GUWAHATI, May 14 - Notwithstanding government interventions towards facilitating return journeys for those stuck outside the State during the lockdown, a vast segment of disadvantaged migrant workers continues to languish for want of support from the authorities.
Their woes are compounded by the fact that they no longer have jobs and their little savings are exhausted. Even the toll-free helpline that has effectively served many stranded across the country has failed to reach some such most vulnerable segments.
The plight of 500-odd workers from Assam engaged with a battery manufacturing unit of Exide Industries Limited at Krishnagiri district of Tamil Nadu exemplifies the agony of the stranded who have now exhausted the little means from the local authorities and are desperate to return home.
The workers said they had been without salary immediately after the lockdown.
Narrating their harrowing ordeal, Dipak Nath, one of the workers, told The Assam Tribune that the pangs of hunger and humiliation were getting too overbearing for them since the past couple of weeks.
�Since the lockdown had started we got 15 kg rice, 1 kg dal and one litre oil from the Tamil Nadu government as one-time assistance but once that got exhausted, things worsened manifold. Our little savings also got exhausted and now shopkeepers are unwilling to give essentials on credit,� he added.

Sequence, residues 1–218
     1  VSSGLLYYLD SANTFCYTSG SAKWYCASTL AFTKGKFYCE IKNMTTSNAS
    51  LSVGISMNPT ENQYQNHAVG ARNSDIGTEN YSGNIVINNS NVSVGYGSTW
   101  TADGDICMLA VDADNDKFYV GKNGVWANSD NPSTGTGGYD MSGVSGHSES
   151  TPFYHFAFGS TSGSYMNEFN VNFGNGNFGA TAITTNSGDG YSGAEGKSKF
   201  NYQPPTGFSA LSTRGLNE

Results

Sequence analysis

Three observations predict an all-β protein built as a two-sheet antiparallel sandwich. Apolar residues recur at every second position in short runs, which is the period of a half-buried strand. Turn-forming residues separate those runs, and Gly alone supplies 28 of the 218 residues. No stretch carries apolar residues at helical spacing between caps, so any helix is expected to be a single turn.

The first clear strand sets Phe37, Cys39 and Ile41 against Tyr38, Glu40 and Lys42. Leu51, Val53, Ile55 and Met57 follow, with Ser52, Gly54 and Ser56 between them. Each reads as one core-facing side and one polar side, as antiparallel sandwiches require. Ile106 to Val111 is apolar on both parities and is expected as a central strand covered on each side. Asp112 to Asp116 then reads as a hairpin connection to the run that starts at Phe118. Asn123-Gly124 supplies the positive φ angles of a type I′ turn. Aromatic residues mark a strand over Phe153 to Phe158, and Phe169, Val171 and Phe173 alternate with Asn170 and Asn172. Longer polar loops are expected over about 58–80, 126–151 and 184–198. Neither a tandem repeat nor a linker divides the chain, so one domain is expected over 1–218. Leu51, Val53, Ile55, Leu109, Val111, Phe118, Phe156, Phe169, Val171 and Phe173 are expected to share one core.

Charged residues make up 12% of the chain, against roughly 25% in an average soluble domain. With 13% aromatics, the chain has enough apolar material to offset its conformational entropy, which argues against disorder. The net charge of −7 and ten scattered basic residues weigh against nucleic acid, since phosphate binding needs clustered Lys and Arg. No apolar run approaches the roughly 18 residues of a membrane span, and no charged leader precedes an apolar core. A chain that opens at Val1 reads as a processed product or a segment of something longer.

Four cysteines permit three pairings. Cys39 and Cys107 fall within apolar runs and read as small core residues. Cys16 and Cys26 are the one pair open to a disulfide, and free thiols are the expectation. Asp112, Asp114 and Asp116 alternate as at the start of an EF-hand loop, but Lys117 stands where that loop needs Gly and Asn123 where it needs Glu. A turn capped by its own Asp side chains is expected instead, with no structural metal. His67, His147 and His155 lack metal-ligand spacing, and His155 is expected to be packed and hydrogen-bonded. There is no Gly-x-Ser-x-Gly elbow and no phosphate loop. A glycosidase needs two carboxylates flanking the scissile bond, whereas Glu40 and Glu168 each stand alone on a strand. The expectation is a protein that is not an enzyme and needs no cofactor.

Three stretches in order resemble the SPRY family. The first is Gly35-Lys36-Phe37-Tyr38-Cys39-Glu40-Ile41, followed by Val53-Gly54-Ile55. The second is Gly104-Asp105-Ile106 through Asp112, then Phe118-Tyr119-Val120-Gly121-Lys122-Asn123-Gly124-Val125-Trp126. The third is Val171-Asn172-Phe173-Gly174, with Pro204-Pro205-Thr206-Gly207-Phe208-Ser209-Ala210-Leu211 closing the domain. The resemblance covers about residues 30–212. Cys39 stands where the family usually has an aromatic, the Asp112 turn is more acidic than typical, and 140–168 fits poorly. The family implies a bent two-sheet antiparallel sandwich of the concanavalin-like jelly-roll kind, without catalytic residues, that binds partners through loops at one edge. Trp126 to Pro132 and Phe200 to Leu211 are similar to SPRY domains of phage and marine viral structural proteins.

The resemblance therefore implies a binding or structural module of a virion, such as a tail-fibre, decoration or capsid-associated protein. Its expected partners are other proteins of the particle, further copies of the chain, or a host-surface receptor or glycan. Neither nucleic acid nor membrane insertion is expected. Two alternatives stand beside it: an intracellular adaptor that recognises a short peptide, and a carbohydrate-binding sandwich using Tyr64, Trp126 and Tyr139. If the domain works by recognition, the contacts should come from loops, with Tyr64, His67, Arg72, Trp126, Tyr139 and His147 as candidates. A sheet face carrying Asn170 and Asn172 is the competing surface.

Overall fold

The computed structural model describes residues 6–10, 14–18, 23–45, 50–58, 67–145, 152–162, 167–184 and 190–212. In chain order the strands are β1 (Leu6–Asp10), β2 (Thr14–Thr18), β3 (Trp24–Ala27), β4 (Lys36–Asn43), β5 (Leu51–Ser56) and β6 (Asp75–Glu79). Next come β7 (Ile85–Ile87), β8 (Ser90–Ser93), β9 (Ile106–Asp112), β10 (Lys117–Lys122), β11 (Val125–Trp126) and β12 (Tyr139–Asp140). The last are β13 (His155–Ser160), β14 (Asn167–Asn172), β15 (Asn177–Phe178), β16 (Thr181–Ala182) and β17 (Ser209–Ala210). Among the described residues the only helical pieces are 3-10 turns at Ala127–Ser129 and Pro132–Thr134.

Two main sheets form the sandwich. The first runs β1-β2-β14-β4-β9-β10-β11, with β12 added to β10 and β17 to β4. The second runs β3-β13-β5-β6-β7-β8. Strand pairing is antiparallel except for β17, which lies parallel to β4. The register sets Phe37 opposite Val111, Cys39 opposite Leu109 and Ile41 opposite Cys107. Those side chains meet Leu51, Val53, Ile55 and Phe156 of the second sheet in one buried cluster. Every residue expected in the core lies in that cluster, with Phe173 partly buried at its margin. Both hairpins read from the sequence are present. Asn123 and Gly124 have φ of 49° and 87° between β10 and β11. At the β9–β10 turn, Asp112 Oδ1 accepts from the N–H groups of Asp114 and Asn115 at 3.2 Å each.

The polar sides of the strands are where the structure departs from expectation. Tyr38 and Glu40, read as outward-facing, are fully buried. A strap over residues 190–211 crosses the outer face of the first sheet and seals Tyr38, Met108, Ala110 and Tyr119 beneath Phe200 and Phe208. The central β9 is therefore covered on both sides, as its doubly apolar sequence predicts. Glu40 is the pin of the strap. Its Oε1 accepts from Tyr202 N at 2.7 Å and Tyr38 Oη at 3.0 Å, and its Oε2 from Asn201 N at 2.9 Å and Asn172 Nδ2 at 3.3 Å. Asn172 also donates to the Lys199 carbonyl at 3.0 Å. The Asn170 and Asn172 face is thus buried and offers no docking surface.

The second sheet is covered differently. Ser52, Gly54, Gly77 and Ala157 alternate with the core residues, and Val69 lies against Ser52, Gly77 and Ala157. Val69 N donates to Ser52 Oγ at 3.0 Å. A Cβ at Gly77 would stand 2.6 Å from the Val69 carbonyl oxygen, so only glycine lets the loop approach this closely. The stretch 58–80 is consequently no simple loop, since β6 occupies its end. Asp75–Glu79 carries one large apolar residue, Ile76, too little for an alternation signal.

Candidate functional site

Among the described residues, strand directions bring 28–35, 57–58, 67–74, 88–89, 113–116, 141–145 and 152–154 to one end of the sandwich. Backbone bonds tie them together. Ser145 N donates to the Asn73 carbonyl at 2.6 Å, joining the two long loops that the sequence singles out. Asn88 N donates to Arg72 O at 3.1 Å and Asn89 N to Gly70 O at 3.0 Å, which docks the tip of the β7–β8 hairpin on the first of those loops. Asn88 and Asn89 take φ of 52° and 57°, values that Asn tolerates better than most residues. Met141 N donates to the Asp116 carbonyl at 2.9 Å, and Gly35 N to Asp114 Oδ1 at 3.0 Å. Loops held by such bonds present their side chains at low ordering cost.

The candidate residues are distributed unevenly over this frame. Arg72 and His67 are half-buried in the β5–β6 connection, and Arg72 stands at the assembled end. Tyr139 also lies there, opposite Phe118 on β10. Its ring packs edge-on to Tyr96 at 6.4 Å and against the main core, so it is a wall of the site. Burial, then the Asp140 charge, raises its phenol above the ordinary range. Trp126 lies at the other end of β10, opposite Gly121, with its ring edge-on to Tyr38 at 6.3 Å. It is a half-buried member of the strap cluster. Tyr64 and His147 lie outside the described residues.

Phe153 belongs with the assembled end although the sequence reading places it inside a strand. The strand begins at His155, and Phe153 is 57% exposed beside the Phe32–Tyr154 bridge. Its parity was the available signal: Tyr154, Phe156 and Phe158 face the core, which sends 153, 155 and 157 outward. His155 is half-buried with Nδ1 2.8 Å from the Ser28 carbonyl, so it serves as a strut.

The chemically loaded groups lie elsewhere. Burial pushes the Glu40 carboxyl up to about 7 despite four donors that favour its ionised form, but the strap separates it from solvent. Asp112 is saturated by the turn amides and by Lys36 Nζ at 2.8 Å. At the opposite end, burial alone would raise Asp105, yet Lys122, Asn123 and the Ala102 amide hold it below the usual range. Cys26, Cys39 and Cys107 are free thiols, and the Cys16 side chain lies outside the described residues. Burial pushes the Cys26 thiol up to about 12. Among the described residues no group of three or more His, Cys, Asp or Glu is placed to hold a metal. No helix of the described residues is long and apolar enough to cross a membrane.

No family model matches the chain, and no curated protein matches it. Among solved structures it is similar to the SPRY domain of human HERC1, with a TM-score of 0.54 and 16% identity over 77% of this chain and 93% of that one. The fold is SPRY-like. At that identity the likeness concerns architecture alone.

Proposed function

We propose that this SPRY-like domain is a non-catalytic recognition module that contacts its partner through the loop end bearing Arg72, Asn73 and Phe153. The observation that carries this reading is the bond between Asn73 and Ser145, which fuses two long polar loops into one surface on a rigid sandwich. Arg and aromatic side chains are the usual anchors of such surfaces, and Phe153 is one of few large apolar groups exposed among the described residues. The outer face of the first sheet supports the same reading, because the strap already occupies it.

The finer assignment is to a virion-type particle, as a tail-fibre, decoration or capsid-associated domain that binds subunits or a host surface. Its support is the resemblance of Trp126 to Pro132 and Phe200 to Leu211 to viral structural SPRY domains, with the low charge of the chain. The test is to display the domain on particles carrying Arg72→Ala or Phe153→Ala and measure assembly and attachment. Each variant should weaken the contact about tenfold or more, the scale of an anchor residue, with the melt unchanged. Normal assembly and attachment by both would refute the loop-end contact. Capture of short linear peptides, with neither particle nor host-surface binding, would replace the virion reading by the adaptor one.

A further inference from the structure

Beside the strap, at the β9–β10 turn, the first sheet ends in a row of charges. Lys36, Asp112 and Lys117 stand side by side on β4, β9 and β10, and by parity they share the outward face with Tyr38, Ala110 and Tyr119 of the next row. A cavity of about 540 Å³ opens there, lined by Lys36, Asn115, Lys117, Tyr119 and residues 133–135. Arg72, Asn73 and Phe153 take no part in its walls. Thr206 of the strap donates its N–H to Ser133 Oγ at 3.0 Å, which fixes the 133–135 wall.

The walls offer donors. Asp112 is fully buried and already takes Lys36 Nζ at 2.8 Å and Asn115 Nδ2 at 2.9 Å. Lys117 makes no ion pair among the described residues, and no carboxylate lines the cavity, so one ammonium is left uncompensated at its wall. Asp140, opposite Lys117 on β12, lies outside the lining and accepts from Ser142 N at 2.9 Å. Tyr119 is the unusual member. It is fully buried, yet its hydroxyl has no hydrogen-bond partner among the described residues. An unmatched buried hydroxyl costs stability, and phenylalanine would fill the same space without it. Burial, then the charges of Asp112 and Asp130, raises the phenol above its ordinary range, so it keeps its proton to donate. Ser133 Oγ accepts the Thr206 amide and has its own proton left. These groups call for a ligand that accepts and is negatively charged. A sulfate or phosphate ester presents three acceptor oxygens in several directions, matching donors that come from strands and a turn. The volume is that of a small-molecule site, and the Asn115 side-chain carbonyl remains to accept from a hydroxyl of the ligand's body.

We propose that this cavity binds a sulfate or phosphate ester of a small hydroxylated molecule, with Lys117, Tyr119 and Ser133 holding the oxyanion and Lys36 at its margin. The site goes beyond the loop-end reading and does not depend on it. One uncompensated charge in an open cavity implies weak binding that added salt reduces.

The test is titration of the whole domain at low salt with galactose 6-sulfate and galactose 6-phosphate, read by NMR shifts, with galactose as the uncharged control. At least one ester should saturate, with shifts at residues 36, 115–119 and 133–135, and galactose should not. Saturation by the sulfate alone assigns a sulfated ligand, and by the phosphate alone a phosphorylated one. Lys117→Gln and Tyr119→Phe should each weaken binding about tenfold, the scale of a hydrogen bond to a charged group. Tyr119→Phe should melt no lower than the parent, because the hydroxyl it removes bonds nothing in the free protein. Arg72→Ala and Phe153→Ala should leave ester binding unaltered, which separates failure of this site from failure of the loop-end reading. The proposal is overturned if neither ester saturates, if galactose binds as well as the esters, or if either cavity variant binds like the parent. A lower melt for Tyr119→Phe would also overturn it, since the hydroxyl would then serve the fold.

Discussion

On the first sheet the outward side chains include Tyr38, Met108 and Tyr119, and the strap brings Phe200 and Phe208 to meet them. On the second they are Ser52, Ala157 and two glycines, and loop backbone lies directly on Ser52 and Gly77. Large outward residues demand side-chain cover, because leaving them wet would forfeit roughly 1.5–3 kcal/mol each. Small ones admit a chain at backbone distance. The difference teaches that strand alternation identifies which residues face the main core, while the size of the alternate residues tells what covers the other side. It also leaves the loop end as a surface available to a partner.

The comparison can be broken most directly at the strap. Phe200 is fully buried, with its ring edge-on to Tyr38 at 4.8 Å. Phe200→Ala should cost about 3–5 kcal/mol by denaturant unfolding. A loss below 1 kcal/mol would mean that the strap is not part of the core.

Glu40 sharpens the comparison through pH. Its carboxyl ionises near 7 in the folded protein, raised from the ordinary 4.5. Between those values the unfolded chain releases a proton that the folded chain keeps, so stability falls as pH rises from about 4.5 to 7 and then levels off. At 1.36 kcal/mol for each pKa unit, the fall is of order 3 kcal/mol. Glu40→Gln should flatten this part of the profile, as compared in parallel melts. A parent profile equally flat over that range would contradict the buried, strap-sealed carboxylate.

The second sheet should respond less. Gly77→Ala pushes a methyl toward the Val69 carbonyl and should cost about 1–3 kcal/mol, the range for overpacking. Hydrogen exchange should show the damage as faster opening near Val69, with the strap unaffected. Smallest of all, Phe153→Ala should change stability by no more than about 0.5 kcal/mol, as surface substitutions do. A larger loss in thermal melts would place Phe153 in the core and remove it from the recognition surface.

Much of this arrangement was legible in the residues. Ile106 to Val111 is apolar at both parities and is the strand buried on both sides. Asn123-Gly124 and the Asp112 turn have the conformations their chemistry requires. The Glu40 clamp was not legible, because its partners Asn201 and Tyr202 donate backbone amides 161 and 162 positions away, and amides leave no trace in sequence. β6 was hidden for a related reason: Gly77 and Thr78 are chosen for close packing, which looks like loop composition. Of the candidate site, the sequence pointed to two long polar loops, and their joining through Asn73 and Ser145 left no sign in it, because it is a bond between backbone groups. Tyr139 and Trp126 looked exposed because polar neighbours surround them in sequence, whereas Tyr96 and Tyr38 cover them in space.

Ruing that only about one-fifth of the workers based there got the announced financial assistance from the Assam government by way of bank account transfer, Nath said many could not elicit any response from the helpline due to technical issues.
Sometimes the helpline asked them to contact the local authorities only. As the chemical factory is located in a remote area of the State, transportation bottlenecks have further compounded their woes.
The workers have also uploaded a video of their plight in social media.
According to Nath, 200 of the workers stuck up near the industrial unit are from Raha in Nagaon district of Assam. Nath, also from Raha, graduated in 2014 and has been working there since.
�We are desperate to be back with our families but we have no money to buy train tickets. There is a clear gap between the government�s announcements and delivery on the ground. Matters have not been helped by the fact that the Tamil Nadu officials speak only English and Tamil. We tried to take up things with Assam government authorities but to no avail,� Nath said, adding that their families were also largely dependent on them for living.
Pointing out that many of their colleagues from other states were facilitated bus journeys following intervention by their respective state governments, Nath said the Assam government should also adopt a similar approach.
�Most of our co-workers are gone now with the help of their authorities. If the Assam government is serious about our return, it should reach out to us. If we are not taken out of this place, we could even die of hunger,� he said.